Christ Church, Jerusalem

Seldom do I join other congregations as a worshipper. If I visit other fellowships, it is usually as the preacher. Today I worshipped at Christ Church, an evangelical Anglican congregation inside the walls by Jaffa Gate, fifteen minutes from my hotel. Unlike evangelical Anglicans in England, it's unashamedly liturgical which I found refreshing. It uses the New King James and had a mixture of contemporary worship songs and gospel hymns, such as When Peace Like A River, which we sang morning and evening. 
The two clerics both wore black shirts with dog collars, but mitigated the formality with cream chinos and jeans. The sermon was over half an hour, and I received communion once I was assured I'd not be expected to kneel before the bread, which in any case was Jewish matzah rather than a wafer. 
The church was designed in the 1840s with a view to reaching out to Jews, which is still does. There was much opposition to its building, and Lord Shaftesbury among others lobbied successive Foreign Secretaries to support the venture. Indeed, it is the oldest Protestant church in the Middle East. No images are found in the windows and a Jewish menorah stands on the communion table. Some Hebrew blessings are sung which was particularly lovely. Jewish followers of Christ continue to worship here and it conducts some meetings in Hebrew. The place of worship is part of a complex that once housed the British consulate when the city was under Ottoman control. It is now a church guesthouse and cafe.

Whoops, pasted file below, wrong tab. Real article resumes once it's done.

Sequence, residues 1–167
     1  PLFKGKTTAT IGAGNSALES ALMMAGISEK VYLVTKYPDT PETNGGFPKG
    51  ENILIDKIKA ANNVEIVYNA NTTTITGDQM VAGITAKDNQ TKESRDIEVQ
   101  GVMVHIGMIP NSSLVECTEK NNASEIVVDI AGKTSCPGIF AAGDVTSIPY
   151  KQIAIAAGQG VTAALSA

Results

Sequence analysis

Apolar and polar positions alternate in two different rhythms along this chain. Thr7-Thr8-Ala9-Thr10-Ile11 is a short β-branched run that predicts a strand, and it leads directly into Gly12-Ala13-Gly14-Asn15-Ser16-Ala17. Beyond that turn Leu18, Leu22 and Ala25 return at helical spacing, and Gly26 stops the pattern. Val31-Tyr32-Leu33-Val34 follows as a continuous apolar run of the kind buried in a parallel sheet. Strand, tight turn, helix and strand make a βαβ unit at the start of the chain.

Although it's clearly a successful church with a wonderful mission, I did notice some things that made me reflect on my own practice:
  • The important of stewards on the door. Orders of service were not collected by everyone and a welcoming face and extended hand is more valuable than we think. 
  • The importance of the preacher being heard. The fans at the back and the preacher's homely voice meant much of his message was indecipherable. A microphone would have been great. 
  • Tall charismatic men. Why do they insist on sitting on the front and middle rows, so their arm-waving requires smaller worshippers to their rear to sway and bob that they might better read the words on the screen?
I pray God's blessing upon this fellowship and all that it does.